Downtown Business Improvement District lacking support for renewal

Jere Iacobucci (left), of the Clean Augusta Downtown Initiative, helps to clear leaves from the 600 block of Broad Street.

 

 

A program intended to help keep downtown Augusta clean and safe is in jeopardy.

Renewing the Business Improvement District was 20 votes shy of the 110 needed, said Margaret Woodard, the executive director of the Downtown Development Authority, after an Augusta Commission committee meeting Monday. BID renewal requires support from 51 percent of property owners in the district or approval from those with control of at least 51 percent of the properties’ assessed value. The district, which was created by a 2007 commission vote, runs from the Savannah River to Greene Street and from Sixth to 13th streets.

Not all of the property owners of the 220 parcels in the BID had been contacted by Monday, Woodard said. The authority will continue going door to door for the remainder of the week to collect support.

If the 51 percent support is not obtained, renewal of the BID will be removed from the regular commission meeting agenda Dec. 18, Woodard said. The BID would not come before the commission again and would expire at year’s end.

Business owner Michael Walraven, of Schweitzer Art Glass at 980 Broad St., voiced his opposition to the BID, telling commissioners the BID’s Clean Augusta Downtown Initiative program has not delivered promises of keeping the streets clean and safe. Trash piles up, sidewalks are not pressure-washed and graffiti are not removed, he said.

“The services being provided are already being provided by the city,” Walraven said.

Several commissioners questioned the effectiveness of BID and the cleanup initiative, and also expressed concern about representation on the initiative’s board of directors, which includes two members from the Augusta Marriott Hotel at the Convention Center, which pays a lesser tax rate than other property owners.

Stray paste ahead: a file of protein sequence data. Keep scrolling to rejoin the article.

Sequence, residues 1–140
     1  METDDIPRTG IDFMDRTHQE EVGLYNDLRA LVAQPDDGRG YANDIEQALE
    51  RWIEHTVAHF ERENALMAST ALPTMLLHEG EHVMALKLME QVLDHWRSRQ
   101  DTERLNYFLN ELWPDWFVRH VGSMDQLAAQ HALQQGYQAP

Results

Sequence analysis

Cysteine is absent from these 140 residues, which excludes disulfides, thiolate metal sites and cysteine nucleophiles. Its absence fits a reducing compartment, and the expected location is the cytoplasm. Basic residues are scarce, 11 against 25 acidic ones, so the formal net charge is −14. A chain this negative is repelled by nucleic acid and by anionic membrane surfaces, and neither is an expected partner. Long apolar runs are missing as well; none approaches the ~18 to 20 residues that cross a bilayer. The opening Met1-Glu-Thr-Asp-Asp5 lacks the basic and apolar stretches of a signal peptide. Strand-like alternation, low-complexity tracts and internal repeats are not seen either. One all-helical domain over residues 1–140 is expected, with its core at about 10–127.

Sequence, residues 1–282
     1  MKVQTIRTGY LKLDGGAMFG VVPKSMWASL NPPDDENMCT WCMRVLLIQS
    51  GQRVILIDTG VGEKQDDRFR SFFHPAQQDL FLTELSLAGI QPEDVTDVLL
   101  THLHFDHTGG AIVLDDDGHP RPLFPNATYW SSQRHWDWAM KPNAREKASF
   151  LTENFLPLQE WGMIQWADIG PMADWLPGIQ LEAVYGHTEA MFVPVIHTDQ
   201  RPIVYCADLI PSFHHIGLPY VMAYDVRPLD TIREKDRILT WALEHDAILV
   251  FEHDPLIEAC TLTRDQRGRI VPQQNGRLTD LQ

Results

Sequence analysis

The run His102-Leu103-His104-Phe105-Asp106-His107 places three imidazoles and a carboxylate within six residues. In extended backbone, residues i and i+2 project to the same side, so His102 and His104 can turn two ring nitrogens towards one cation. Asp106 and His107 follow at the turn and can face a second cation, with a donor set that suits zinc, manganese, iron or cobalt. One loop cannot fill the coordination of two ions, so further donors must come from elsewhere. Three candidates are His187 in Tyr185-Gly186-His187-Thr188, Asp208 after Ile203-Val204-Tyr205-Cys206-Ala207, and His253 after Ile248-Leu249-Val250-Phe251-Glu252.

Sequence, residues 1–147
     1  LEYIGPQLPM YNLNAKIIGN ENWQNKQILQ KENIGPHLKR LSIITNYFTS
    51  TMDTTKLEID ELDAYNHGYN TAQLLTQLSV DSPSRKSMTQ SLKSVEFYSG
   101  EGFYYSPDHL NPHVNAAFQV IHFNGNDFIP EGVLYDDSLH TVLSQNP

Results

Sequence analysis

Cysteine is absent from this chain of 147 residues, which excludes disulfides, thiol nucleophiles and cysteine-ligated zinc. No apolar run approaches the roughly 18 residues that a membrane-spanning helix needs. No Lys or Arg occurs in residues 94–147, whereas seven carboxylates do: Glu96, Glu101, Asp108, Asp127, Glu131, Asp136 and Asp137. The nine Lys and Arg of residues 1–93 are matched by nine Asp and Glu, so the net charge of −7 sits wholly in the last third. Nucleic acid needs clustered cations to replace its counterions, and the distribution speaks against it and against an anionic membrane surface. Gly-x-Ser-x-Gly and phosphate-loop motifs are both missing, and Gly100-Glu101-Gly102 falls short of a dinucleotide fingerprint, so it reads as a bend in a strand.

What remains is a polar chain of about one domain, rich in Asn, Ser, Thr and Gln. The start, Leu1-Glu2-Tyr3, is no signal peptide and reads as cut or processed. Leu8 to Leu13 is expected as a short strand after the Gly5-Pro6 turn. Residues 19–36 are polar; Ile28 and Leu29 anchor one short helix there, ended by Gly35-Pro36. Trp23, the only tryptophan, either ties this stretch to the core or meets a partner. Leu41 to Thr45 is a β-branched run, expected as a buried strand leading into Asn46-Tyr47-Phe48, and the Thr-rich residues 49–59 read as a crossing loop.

Woodard said the Marriott requires fewer cleanup initiative services because the property has its own security, landscaping and maintenance workers.

“Maybe the intention of this original BID has changed over the years,” Commissioner Wayne Guilfoyle said. “We rely on DDA to protect, clean and it became a $350,000 cleaning service. Before BID came on board, prisoners kept it just as clean.”

In other business, commission committees approved the following items:

• Naming of the sheriff’s office administration building for retiring Sheriff Ronnie Strength, with approval from the full commission

• A $473,858 change order for architectural fees to Virgo Gambill Architects for design renovations at the municipal building

• A nearly $1 million pedestrian bridge connecting the Augusta Convention Center and its parking deck

• A $268,000 change order to add landscaping and an irrigation system at Augusta Regional Airport after parking lot construction.

• A motion to continue negotiating a lease contract with Virginia Beach Golf Management to operate the Augusta Municipal Golf Course.

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